Grass Carp: These are fish that have been proven to be effective in controlling aggressive aquatic weed growth. They are inexpensive and have a huge appetite for problem plants. These silvery green fish were introduced in Florida in 1972. They can live 10-12 years and grow up to 20 pounds. For more information see the Service tab on this website.
Grassed Waterway: A shallow and sometimes wide waterway that is covered by erosion-resistant grasses. This area's purpose is to conduct surface water from cropland.
Gravel: rounded sedimentary particles less than 2 mm in diameter.
Habitat: the physical environment in which organisms live.
Harvester: This is a floating barge that is used in waterways that remove floating or rooted vegetation like cattails and water-hyacinth. The maximum reach of a harvester is 5 feet deep.
Herbicide: an agent used to destroy or inhibit plant growth. Aquatic Weed Control only uses herbicides licensed by the State of Florida.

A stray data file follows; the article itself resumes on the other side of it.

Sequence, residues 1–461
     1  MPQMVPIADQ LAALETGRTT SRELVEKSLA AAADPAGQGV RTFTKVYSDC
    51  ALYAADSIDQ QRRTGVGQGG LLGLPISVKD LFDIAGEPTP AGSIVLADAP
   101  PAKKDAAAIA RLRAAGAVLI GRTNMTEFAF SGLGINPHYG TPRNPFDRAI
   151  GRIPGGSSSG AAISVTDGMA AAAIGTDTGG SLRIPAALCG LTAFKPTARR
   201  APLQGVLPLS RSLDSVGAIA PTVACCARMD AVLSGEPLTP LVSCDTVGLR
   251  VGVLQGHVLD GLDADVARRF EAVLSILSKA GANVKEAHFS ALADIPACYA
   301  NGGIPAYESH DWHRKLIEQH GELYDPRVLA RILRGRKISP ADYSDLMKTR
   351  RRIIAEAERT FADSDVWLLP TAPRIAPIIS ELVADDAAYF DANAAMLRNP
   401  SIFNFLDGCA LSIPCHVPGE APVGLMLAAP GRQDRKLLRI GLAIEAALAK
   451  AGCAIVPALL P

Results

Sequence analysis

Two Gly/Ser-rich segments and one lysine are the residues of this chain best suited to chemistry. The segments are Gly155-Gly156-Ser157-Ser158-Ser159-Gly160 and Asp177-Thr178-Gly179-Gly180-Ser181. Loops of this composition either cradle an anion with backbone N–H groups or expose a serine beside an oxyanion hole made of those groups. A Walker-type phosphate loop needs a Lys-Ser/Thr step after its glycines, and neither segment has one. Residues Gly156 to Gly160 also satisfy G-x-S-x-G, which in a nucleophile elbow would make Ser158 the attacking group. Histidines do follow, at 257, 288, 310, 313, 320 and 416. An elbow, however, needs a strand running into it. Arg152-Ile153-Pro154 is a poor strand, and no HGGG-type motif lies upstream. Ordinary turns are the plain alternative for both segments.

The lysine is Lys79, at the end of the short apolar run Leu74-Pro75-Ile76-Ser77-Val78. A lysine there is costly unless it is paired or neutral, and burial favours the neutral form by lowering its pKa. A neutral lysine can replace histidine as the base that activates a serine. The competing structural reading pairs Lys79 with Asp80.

Herbivory: refers to the loss of vegetation due to consumption by another organism.
Hue: the relation to the light by which the color of an item is classified; red, yellow, green, blue, purple, or a mixture of these colors.
Hydric: adapt to a wet or moist environment.
Hydrology: scientific study of water distribution, properties, and effects.
Hydrosphere: the water surrounding earth either in the lakes and oceans or vapors in the atmosphere.
Indigenous: refers to a species that is native to a certain area.
Infiltration: the flow of water into a porous material. An example of this would be rainwater gradually flowing downward through the soil to groundwater or water table reservoirs.
Invasive: Plants that are aggressive and grow rapidly to take over a native plant area. They not native to the area and disturb the ecosystem by choking out native plant growth.
Karst: a limestone-rich landscape characterized by chemical erosion producing various sinkholes, fissures, underground streams, and caverns.
Limnetic: of or having to do with deep open waters of lakes or ponds.
Littorial: This word derives from the Latin noun “litus, litoris” meaning “shore”. A littorial zone is the part of the pond, lake or river close to the shore. Aquatic plants grow in littoral zones that are less than 15 feet deep. The zones start at the shore line and slope down until they reach the depth of 15 feet. These zones can vary in size, width and breath.